Suns Centers Receive "Dream" Education

By Stefan Swiat,
Posted: Jan. 3, 2012

When you think of post moves, you think of Hakeem. Olajuwon, that is.

Since retiring from basketball, the Hall of Famer and former MVP spends his offseason tutoring NBA big men on their inside games. This past offseason, he inherited two new students from the Suns: Marcin Gortat and Robin Lopez.

“It’s so much fun for me,” Olajuwon said. “Teaching forces me to go back and break down the moves I used to do instinctively.”

After talking with Olajuwon for even a brief period of time, it becomes quite apparent that he is operating on another level of consciousness. Chatting it up with Olajuwon seems analogous to what it’s like to encounter a guru, shaman or kung fu master.

“The Dream” is like the Bruce Lee of post moves, always a step ahead of his opponent. Instead of training as a traditional big man, Olajuwon garnered the skills of a small forward to perplex defenders.

He never wanted to be just a great big man. He wanted to be a great basketball player.

“It’s all about taking what the defense is giving you,” he said. “You face up if they’re bigger than you or take the jump shot if they give you space.”

Although many view Olajuwon as the type to develop an unstoppable move to use against any defender, the former All-NBA performer claimed that he would attack his opponent based on what advantages he was given and how he was being played.

And it wasn’t as if Olajuwon was a born offensive talent or someone who inherited all of his moves from a legendary mentor. In fact, when Olajuwon entered the league, he was known for his defense.

In order to make his team better, Olajuwon undertook the task of becoming a better scorer. To do so, Olajuwon didn’t watch video of Kareem Abdul-Jabbar or Bill Walton, he studied unknown players that would pull off a nice move against him in a game of half-court 3-on-3.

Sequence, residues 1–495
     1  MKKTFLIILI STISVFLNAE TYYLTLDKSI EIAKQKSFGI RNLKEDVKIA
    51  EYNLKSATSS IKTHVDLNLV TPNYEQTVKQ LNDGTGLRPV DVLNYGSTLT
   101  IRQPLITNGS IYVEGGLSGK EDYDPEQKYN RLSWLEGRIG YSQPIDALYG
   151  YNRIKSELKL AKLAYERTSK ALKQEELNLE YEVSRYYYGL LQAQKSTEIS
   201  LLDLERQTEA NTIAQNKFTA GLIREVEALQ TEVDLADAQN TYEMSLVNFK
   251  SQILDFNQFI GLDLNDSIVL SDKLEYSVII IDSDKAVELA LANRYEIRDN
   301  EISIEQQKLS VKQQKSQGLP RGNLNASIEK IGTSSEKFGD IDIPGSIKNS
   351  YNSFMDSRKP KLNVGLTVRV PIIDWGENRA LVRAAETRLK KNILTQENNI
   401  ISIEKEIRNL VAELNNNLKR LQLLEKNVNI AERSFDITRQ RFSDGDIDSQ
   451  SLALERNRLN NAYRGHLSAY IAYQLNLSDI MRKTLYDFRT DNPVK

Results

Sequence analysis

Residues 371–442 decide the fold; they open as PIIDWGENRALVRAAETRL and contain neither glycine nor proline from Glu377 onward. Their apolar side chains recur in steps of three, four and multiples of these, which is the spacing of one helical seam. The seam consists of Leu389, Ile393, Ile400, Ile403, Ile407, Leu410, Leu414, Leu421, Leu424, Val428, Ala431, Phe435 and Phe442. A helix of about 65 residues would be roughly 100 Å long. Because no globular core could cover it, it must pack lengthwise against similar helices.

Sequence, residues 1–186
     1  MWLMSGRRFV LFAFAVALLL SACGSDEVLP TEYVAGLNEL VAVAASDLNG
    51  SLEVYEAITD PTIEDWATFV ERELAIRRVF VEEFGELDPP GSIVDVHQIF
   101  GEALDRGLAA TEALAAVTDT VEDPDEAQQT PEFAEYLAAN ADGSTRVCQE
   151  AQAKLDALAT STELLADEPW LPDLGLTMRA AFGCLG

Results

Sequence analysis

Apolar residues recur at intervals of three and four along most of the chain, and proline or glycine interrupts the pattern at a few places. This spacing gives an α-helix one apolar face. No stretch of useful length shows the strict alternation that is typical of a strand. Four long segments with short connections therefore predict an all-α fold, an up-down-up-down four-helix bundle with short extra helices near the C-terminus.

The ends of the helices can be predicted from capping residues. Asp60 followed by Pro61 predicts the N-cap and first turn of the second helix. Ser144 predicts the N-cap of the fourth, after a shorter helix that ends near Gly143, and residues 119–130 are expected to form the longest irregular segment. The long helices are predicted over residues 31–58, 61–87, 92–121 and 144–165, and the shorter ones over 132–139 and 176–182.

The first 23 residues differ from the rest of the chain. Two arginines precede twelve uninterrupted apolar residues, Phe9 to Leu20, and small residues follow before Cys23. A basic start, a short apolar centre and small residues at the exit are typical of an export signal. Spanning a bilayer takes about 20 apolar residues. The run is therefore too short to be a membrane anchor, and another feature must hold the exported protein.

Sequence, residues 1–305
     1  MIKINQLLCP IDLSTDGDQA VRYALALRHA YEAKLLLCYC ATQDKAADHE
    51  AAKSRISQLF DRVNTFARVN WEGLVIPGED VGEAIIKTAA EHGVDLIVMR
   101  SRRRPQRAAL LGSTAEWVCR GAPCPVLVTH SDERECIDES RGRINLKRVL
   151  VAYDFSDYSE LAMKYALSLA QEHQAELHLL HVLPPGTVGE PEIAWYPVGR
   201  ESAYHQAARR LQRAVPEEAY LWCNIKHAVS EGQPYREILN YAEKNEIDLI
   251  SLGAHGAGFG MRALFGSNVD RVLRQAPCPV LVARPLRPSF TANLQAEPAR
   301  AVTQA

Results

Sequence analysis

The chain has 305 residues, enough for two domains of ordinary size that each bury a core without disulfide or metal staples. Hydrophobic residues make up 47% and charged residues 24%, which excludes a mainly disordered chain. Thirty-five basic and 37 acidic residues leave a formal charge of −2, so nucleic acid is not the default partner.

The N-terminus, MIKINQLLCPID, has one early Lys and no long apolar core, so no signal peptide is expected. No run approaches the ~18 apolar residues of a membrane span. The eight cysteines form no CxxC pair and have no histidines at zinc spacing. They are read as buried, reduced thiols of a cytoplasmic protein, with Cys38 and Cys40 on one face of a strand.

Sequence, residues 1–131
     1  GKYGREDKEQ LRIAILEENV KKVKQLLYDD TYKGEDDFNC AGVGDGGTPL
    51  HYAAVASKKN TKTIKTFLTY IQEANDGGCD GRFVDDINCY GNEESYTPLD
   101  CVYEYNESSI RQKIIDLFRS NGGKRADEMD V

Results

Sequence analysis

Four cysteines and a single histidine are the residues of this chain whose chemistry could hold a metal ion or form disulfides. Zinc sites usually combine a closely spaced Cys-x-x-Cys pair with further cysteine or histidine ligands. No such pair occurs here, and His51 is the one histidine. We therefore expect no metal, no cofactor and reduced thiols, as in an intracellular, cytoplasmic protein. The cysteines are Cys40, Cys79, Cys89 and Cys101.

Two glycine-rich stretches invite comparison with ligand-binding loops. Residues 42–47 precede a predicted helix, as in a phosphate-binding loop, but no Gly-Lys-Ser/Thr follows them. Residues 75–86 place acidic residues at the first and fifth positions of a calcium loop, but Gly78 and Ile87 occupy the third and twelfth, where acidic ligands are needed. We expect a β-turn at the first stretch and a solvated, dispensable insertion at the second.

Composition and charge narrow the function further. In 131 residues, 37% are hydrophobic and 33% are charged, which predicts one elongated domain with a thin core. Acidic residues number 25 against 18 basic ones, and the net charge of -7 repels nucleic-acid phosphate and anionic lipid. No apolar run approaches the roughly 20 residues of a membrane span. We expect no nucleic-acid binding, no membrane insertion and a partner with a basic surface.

“I didn’t look at the stars,” he said. “I would look at players that had no name. I would just like the style of some skilled college guys that I played against in the summer.”

After discovering a move in this manner, Olajuwon would break down the goal of the move and find out how it created space for him. It’s exactly how he teaches his students today.

“In the beginning it’s uncomfortable for them,” he said. “At the end of two to three days, they love it and it becomes their move. It becomes natural.”

When he worked with Gortat and Lopez, Olajuwon saw tremendous opportunity for growth.

“(Marcin) has an unbelievable love of the game,” the Hall of Fame center said. “He has a passion to learn and soak up everything. I like his mentality, skills and approach, and I can’t wait to see him play.”

He also extended a warm compliment to Lopez, calling him “impressive” and “fantastic.”

“I am amazed by his touch,” Olajuwon said. “He has a nice soft touch for a big guy.”

After the season is over, he expects Gortat and Lopez to return for some more instruction. At that point, Olajuwon will receive feedback from them on their past season.

From there, he’ll work on expanding what he’s already taught them and create a new list of goals. For Olajuwon, it’s apparent that teaching has become his new passion.

And whether or not it’s Gortat, Lopez or another player, he tailor-fits his training for every individual.

“It’s like you have a house, but you don’t have a blueprint,” he said. “Now you have to re-build with a new blueprint.”

Unrelated Notes of Interest

There was no way to fit this into the story, but Suns fans would appreciate some of the memories “The Dream” had about playing against Phoenix. First off, he said he always looked forward to playing in the Valley and against Charles Barkley.

But he specifically brought up their meeting during the 1994 NBA Playoffs.

“I just remember it was a great, great series because we were up by 20 points and they came back and beat us twice at home,” Olajuwon stated.

The Suns jumped out to a 2-0 series lead as they returned to Phoenix to host the newly-named league MVP Olajuwon and the Rockets. Olajuwon recalled some Suns fans bringing brooms to the game because they thought they were going to sweep the Rockets.

However, Houston rallied and the series went seven games before the Suns fell in Game 7.

Besides ripping Suns fans’ hearts out during the playoffs, Olajuwon also remembered Kevin Johnson’s famous dunk over him during that series.

“To be the MVP and shotblocking leader, that’s going to be a part of the game,” Olajuwon said lightheartedly. “He got me on that one, but I’ve gotten them so many times, so that was revenge (from all of my blocked shots and dunks).

“It was a give-and-take. To be a shotblocker, you cannot win all the time. But it didn’t happen too often.”

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